Washington Fish and Wildlife Commission Approves Major Land Acquisition, Amends Game-import Rules
The Washington Fish and Wildlife Commission approved acquisition of 7,711 acres of wildlife habitat in Kittitas County and amended rules on importation of harvested game at a meeting here today.
The citizen commission, which sets policy for the Washington Department of Fish and Wildlife (WDFW), approved the acquisition as the second phase of the “Heart of the Cascades” project that adds over 10,000 acres to WDFW’s 47,200-acre Oak Creek Wildlife Area.
Last year, 2,675 acres were acquired in the Bald Mountain/Rock Creek area, about 25 miles northwest of Yakima on the east slope of the Cascade Mountains. This year’s acquisition involves purchase of 3,807 acres from The Nature Conservancy (TNC) for $2,325,000 and 3,904 acres from Rocky Mountain Elk Foundation (RMEF) for $2,317,000.
Funding for the new acquisition comes from the Washington Wildlife and Recreation Program and the U.S. Fish and Wildlife Service, through a Habitat Conservation Plan grant.
Ranging from 2,500 to 6,000 feet in elevation, the property has a wide diversity of habitats, including coniferous forests, basalt cliffs, shrub-steppe and riparian areas. It supports many federal- and state-protected species, including spotted owls, bull trout and steelhead, as well as many game species, including elk, bighorn sheep and mountain goats.
The property will be managed with support from TNC, RMEF and the Tapash Sustainable Forest Collaborative—a coalition of public, non-profit and tribal land managers—to share the estimated $123,500 annual operation and maintenance costs.
In other action, the commission amended existing restrictions on the importation of harvested deer, elk and moose from states where chronic wasting disease (CWD) has been confirmed. Maryland and Minnesota were added to the list of 13 states and two Canadian provinces where CWD has been confirmed in wild populations. Deer, elk or moose carcasses from those states can only be brought into Washington as boned-out meat, with all soft tissue removed from skulls and antlers, and hides or capes without heads attached. Rules are detailed in Washington Administrative Code 232-12-021.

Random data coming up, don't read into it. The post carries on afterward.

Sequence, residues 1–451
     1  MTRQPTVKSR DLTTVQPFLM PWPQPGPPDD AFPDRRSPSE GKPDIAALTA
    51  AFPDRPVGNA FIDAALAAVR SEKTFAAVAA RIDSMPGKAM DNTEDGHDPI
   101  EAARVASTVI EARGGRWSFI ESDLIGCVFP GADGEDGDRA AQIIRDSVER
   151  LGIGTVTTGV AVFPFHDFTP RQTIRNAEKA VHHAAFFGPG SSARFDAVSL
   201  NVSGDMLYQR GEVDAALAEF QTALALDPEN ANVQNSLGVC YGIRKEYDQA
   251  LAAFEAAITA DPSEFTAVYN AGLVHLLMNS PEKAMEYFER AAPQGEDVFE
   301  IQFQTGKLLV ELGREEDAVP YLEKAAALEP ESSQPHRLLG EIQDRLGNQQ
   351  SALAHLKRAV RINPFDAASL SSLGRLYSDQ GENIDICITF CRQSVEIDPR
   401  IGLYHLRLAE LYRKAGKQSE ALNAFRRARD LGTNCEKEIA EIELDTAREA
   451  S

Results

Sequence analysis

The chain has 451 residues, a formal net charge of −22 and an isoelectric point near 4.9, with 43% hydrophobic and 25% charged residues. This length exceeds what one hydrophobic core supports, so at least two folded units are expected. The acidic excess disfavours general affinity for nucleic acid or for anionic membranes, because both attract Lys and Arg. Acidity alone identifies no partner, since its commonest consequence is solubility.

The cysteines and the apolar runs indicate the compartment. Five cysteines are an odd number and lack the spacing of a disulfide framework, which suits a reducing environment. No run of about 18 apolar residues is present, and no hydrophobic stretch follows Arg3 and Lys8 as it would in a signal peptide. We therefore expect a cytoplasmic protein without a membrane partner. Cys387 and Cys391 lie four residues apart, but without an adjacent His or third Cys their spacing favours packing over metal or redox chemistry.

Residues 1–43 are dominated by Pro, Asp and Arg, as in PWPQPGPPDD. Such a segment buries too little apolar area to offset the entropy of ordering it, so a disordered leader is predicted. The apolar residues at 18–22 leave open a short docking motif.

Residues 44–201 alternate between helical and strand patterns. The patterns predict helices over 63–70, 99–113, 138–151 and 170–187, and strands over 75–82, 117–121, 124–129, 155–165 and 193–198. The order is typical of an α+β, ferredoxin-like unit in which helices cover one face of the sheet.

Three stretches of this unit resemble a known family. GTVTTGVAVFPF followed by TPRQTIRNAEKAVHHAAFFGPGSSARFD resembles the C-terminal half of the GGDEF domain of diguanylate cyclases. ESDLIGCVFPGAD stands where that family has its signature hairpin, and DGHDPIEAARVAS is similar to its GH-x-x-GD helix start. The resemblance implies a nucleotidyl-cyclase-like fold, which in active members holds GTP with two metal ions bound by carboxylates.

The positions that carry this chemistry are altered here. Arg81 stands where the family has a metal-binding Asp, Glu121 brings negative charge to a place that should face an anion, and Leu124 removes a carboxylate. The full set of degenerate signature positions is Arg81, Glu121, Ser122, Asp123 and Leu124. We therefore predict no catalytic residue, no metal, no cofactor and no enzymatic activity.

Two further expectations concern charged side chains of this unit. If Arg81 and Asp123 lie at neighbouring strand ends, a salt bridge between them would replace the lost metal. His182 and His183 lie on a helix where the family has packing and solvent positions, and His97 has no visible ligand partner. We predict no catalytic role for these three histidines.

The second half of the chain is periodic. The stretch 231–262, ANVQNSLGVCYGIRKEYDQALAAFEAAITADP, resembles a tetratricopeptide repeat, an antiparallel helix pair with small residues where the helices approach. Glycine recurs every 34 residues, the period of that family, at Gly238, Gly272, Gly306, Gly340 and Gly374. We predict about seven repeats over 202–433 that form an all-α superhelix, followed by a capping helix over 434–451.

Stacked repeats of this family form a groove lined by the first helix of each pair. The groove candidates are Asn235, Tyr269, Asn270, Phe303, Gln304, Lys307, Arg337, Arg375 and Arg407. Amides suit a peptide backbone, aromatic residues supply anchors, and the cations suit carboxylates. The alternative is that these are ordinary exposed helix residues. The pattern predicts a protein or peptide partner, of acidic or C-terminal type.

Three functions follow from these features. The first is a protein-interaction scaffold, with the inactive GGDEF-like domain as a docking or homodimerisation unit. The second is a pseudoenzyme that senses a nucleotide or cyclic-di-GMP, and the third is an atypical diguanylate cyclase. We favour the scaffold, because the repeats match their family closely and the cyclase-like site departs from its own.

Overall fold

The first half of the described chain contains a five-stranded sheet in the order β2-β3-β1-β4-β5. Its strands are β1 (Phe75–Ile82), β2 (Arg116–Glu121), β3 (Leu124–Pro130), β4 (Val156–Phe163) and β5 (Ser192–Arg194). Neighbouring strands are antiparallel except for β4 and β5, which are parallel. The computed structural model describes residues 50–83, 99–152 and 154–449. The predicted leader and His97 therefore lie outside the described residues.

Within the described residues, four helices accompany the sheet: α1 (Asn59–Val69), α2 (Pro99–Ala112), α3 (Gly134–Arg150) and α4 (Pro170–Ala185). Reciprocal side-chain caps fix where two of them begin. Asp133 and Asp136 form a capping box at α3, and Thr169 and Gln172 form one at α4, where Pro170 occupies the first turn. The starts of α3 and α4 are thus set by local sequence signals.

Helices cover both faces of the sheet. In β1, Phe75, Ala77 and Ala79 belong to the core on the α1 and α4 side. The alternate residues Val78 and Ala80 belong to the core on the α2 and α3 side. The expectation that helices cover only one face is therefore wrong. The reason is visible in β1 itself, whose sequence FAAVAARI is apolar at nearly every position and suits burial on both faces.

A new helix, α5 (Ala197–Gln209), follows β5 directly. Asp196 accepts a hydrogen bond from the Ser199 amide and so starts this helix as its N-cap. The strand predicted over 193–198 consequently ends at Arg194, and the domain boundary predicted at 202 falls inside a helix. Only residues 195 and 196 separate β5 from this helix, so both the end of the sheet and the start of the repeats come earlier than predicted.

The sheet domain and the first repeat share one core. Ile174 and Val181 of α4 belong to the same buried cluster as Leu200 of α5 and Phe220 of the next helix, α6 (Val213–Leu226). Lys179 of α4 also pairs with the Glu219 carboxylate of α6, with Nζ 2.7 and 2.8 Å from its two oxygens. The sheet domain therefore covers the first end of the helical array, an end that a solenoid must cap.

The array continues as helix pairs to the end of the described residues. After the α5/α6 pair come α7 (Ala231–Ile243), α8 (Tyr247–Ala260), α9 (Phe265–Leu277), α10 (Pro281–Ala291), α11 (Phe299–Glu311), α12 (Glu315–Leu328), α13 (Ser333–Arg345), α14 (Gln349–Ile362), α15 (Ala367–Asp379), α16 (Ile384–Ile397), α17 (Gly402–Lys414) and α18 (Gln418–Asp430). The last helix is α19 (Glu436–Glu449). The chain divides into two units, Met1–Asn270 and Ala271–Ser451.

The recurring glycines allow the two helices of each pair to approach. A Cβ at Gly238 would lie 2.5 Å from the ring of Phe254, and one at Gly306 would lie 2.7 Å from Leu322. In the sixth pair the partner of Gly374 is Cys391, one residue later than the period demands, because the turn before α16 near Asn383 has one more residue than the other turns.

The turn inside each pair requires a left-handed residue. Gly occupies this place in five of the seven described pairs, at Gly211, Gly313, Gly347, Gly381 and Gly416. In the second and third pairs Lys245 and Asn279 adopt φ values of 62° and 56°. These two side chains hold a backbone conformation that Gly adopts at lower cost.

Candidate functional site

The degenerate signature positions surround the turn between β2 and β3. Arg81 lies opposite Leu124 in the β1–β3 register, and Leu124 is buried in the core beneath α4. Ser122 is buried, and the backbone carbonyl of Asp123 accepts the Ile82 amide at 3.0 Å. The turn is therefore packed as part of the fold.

In addition, the commission heard a briefing on how WDFW monitors deer and elk herds and how the department responds if a herd decline is detected. The commission also was briefed on the revised structure and function of the agency’s Habitat Program.
During a Nov. 3 special meeting, the commission held a work session on WDFW’s recommended Wolf Conservation and Management Plan, and took comments from more than 65 people. The session was the fourth and final public review of the plan by the commission since August.
The plan was developed over the last four years with the help of a 17-member citizen advisory group and has undergone extensive public review. It is designed to guide both recovery of a sustainable population and conflict management of gray wolves, which are returning on their own to Washington. The gray wolf is protected by the state as an endangered species across Washington and is also federally protected under the Endangered Species Act in the western two-thirds of Washington.
The plan is available online at http://wdfw.wa.gov/conservation/gray_wolf/. The final written comment deadline is Nov.18. The commission is scheduled to take action on the plan at its Dec. 2-3 meeting in Olympia.